In the wake of the recent hacking attack on Adobe Systems, cyber-security experts have highlighted how companies having an incident response plan in place is as important as preparation against such attacks.
Cyber-security experts have highlighted Adobe’s disclosure and public assurance as a good model for a company’s incident response, with clear steps in place to investigate and determine cause and impact, alongside a plan for interacting with the public.
As E&T reported last week, in the case of Adobe, the company was quick to publicly acknowledge the attack by hackers, who stole the source code of some of Adobe’s most popular software titles, as well as data about millions of its customers.
Writing on an official Adobe blog shortly after the attack was disclosed, chief security officer Brad Arkin said that the company had been investigating the breach and that it had no evidence of any attacks based on the theft. “We are not aware of any specific increased risk to customers as a result of this incident,” he wrote.
Adobe also said it was working with banks and federal law enforcement to mitigate intrusions on customer accounts and to pursue those responsible. The hack was initially uncovered when cyber-security journalist Brian Krebs and security expert Alex Holden found a cache of Adobe code while investigating unrelated attacks at three major US data providers.
Speaking exclusively to E&T, Tom Cross, director of security research at Lancope, commented: “With respect to the Adobe incident, it’s good news that they discovered the incident, they have reported it and they’re analysing it and attempting to understand it as well as they can. I think that’s great and other organisations need to look at how Adobe has handled this incident and think about their level of preparedness in terms of if their organisation is breached, do they have the skills and tools necessary to analyse incidents that they have been subjected to, can they piece together an attack that happened on their network, do they have audit trails of activity that happened in their environment?”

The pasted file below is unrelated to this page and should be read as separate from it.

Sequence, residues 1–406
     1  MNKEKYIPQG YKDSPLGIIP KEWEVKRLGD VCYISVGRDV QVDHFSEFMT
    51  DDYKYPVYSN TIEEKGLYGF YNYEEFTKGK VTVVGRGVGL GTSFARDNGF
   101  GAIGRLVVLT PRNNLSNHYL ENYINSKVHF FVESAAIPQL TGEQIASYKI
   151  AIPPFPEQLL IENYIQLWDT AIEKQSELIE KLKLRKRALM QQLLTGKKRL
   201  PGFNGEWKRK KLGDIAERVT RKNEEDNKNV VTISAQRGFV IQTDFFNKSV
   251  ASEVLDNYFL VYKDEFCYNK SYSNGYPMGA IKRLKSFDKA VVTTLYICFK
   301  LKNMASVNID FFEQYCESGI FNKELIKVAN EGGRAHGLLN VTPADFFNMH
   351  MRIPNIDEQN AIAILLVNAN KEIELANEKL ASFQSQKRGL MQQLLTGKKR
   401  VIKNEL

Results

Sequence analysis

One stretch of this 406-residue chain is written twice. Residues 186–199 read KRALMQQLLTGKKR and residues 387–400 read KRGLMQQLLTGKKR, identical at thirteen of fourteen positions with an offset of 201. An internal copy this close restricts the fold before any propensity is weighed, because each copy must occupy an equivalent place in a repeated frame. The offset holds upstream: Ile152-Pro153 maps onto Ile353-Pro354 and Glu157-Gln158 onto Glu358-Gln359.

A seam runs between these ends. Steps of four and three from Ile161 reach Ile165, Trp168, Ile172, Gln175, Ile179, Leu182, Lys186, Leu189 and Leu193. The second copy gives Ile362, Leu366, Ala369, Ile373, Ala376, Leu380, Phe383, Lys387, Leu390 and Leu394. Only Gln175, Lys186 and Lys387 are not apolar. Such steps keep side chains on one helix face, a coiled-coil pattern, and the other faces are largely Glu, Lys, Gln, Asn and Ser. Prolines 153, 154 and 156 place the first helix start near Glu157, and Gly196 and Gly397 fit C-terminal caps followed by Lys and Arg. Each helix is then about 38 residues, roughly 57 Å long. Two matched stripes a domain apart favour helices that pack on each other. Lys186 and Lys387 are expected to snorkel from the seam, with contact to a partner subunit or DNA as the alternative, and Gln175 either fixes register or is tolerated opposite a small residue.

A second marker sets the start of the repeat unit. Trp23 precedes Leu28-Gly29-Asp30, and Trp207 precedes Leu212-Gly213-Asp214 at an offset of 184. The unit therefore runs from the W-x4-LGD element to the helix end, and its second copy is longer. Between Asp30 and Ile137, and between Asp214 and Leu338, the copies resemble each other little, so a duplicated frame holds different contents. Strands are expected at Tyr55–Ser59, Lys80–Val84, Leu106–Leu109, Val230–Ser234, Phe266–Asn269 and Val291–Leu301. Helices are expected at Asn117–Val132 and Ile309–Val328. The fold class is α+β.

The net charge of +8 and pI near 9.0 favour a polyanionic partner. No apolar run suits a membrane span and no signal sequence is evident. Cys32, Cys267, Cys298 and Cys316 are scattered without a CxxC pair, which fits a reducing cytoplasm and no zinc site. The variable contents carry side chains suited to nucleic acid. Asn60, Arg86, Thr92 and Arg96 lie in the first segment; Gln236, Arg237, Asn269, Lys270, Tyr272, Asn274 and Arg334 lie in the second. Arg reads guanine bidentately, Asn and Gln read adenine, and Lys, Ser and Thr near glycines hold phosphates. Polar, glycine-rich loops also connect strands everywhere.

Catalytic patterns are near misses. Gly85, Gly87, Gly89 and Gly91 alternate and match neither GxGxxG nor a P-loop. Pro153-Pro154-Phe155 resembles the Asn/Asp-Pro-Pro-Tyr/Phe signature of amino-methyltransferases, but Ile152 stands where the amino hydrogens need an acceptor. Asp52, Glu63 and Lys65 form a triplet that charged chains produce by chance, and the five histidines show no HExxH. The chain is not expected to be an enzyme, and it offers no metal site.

Cyber-espionage attacks can take a number of forms and originate from a variety of motivations, including theft of intellectual property, to gain competitive economic advantage or for analysis of software code to identify security vulnerabilities that can be exploited.
“There’s a concern that a lot of this intelligence gathering is being done for an economic reason and it’s being done to steal information that is useful primarily for a competitive or economic application,” Cross says. “When we’re talking about this subtle removal of information, it could be years before you really feel the consequences – and you may feel those consequences in ways that are hard to relate back to the attack activity that you’re seeing on your network.”
“It may be that they’re looking to use that code for security research or it may be that they’re interested in understanding how Adobe does some of the things it does in their product and they intend to bring competing technologies to market. Any company that develops unique technology is concerned about that risk,” Cross noted.
As for how best a company can shield itself from the “collateral damage” of a cyber attack, Cross’s advice is simple: “Be prepared. The reality is that you can’t assume that this is not going to happen to you or that your perimeter defences will stop it. Regardless of how sophisticated your computer security approach is, when you’re talking about adversaries at this level, you may still be compromised. You need to think about what are the steps you’re going to take when it happens, are you prepared to respond to an incident, do you have a plan to deal with that. If you’re prepared, when you do end up in this situation, you’ll be ready to handle it.”
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